Likewise, recent Four Seasons openings have featured a standardized laundry list of upscale room features, so here you have the floor-to-ceiling windows (River or City view) with automated blackout curtains, signature Four Seasons beds and linens, Carrara marble bathrooms, 65-inch flatscreen television, tablet for in-room controls and hotel services, bedside charging stations, Nespresso coffee maker and tea kettle, and twice daily housekeeping with evening turndown service. More unusual touches to inspire a local feel include white shiplap walls, soft whitewashed oak accents and a plaster relief of magnolia leaves.
While overshadowed by food and music, art is very important and taken very seriously in New Orleans, and the Windsor Court has long boasted a museum style public collection that warrants its own printed tour guide and draws in non-guests. Four Seasons has taken the same tact with an extensive mixed medium collection that sprawls through the bars, restaurants and public spaces, inside and out, including sculptural works in the outdoor garden, pool deck, and port-cochere. Works range from oil paintings to photographs and the common theme is a celebration of all things New Orleans.
Food is extremely important in New Orleans, where locals famously don’t put up with the subpar, and a handful of recent destination restaurants have been in hotels, breaking a longtime standalone mold. That’s likely to be the case here thanks to the gastronomic celebrity firepower. Not only are Link and Shaya both winners of the coveted James Beard Award for Best Chef South, but they are also the only two to ever have their New Orleans eateries win Best New U.S. Restaurant. Shaya’s Chandelier Bar is the energy center and gathering point of the hotel, showcasing the city’s many contributions to the cocktail canon, the French 75, Sazerac, Ramos Gin Fizz and a grown-up version of the sickly sweet Hurricanes poured across the French Quarter. There is also champagne and lots of it, claiming to be the city’s deepest premium list, with offerings like Dom Perignon by the glass, a rarity. This is all accompanied with a menu of sharable small bites.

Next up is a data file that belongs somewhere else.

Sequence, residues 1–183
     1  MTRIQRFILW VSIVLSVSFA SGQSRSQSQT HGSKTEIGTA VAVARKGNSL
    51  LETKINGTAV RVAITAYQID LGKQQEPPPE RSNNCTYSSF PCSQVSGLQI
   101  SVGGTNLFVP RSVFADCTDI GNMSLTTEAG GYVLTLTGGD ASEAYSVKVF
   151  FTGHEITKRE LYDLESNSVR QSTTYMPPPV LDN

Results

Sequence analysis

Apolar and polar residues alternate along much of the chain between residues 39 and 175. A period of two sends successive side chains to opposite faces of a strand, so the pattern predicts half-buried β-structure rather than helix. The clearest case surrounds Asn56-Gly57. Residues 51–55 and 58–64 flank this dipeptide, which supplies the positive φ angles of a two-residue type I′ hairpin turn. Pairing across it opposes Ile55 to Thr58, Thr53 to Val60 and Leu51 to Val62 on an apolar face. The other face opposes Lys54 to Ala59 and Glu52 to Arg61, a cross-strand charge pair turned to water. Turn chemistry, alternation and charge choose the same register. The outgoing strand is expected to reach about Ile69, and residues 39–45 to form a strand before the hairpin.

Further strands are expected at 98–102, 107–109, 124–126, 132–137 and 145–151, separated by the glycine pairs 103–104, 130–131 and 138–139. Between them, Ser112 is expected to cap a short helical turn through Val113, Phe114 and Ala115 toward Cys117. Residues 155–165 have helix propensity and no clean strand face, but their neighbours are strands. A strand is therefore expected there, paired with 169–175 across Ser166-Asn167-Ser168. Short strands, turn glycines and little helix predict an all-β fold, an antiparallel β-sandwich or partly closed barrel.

Shaya also operates Miss River, an ingredient-driven tribute to New Orleans’ grand dining history, featuring his creative take on beloved local dishes, with ingredients sourced from Shaya’s extensive network of local fishermen, farmers and other purveyors. Regional signature dishes include a whole carved buttermilk fried chicken with dipping sauces, to share; clay pot dirty rice with seared duck breast, duck egg yolk and scallions; salt-crusted Gulf red snapper with rosemary, lemon and extra virgin olive oil; and Duck and Andouille Gumbo with dark roux, filé, Louisiana rice, potato salad, and spring onions. The restaurant also features a massive wine program, new and old world, with lots of tableside cart presentations.
Multi-James Beard Award winning chef Donald Link was raised hunting, fishing, and cooking along the waterways of Southwest Louisiana, and deeply knows the flavors of the region. His portfolio includes Peche, consistently ranked among the city’s best eateries, plus standouts Cochon, Herbsaint, La Boulangerie, Calcasieu, Gianna, and a personal favorite of mine, artisanal butcher driven deli Cochon Butcher. Link’s newest restaurant is here in the hotel, Chemin à la Mer. It sits on the fifth floor with indoor and outdoor seating and sweeping views of the Mississippi. The Louisiana and French menu showcases a seafood and oyster bar with a large selection of oysters, shrimp, crab, ceviches and more, all harvested from Louisiana and Gulf waters. Entrées include classic and specialty steaks and seafood dishes Link finds through his travels around the world. Chemin à la Mer is not quite ready for next week’s grand opening, but is expected to start serving breakfast, lunch and dinner daily next month.